In 1970 Barney Wilen assembled a team of filmmakers, technicians, and musicians to travel to Africa for the purpose of recording the music of the native pygmy tribes. Upon returning to Paris two years later, he created Moshi, a dark, eccentric effort fusing avant jazz sensibilities with African rhythms, ambient sound effects, and melodies rooted in American blues traditions. Cut with French and African players including guitarist Pierre Chaze, pianist Michel Graillier, and percussionist Didier Leon, this is music with few precedents or followers, spanning from extraterrestrial dissonance to earthbound, street-legal funk. Wilen pays little heed to conventional structure, assembling tracks like "Afrika Freak Out" and "Zombizar" from spare parts of indeterminate origins. AMG.

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Speedy Keen - Y`Know What I Mean 1975

Keen was born in Ealing, London. He played early on with such bands as The Krewsaders, The Second Thoughts (1964–65, with Patrick Campbell-Lyons and Chris Thomas) and The Eccentrics. Keen's first recorded song was "Club of Lights", recorded in 1966 for Reaction Records by Oscar (Paul Nicholas).
Before joining Thunderclap Newman, Keen shared a flat with and worked as a chauffeur for Pete Townshend of The Who. He is famous among fans of The Who for writing "Armenia City in the Sky" which was included on the album The Who Sell Out (1967). This was the only song The Who ever performed that was specifically written for the group by a non-member. "Armenia City in the Sky" was, apparently, inspired by a long-lost painting back in the 1960s. Though Pete Townshend, principal songwriter for The Who, claims that when Keen saw the name of the song on an album liner, he told Townshend that the name of the song was wrong. It should have read "I'm an Ear Sitting in the Sky".
He wrote "Something in the Air", his most well-known song, for Thunderclap Newman and recorded two solo albums for Track and Island both of which have been released on CD recently by Esoteric (Cherry Red). "I Promise You" from the second album was used in the American TV series, The Big C. Keen was later a record producer for The Heartbreakers and Motörhead.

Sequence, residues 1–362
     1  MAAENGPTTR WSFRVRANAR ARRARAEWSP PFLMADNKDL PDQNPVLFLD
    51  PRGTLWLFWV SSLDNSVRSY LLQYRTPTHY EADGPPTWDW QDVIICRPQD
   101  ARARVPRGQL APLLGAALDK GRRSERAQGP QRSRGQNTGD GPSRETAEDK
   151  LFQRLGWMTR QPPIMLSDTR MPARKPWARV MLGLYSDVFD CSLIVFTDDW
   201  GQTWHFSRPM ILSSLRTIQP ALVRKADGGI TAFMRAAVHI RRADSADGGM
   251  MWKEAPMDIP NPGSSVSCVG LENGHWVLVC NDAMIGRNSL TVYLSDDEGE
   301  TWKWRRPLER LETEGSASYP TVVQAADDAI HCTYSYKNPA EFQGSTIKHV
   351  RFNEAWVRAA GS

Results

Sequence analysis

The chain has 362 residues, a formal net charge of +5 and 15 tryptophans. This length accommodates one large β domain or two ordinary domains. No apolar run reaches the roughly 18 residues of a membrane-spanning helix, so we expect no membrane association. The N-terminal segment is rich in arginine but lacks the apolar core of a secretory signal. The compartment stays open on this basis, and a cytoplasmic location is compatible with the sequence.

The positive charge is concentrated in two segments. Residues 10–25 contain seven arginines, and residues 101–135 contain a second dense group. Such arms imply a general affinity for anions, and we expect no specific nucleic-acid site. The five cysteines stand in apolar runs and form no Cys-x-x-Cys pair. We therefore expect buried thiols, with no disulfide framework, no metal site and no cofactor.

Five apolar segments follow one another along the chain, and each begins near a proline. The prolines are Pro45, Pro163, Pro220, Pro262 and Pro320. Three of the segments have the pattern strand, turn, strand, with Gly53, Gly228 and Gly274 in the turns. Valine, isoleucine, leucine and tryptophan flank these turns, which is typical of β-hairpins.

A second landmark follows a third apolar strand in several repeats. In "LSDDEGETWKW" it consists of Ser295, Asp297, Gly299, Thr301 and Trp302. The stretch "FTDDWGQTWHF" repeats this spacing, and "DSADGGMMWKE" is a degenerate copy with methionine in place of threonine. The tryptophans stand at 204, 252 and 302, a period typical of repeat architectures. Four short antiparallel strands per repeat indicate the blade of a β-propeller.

As a session musician, Keen played for others such as Rod StewartThe Mission, and Kenny G. He also provided music for television advertisements and television programmes such as The Zoo. As a writer, apart from "Something in the Air", "Armenia City in the Sky" and "Club of Lights", he wrote songs for The Swinging Blue Jeans ("Something's Coming Along") and Crokodile Tears ("Your Love").
Keen died of heart failure in March 2002, seventeen days before his 57th birthday.

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Be Bop Deluxe - Sunburst Finish 1976

Adding keyboard player Andrew Clark to make Be Bop Deluxe a quartet, Bill Nelson finally found a balance between his virtuosic guitar playing and the demands of pop songwriting. The arrangements were still busy, but the humor of Nelson's music was on display as never before, and the songs frequently were catchy. For the first time, it began to seem that the group had a future beyond serving as a foundation for Nelson's splashy guitar work, as Be Bop Deluxe charted in the U.S. and the U.K. and even scored a Top 25 British hit with "Ships in the Night." AMG.

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Duke Pearson - Profile 1959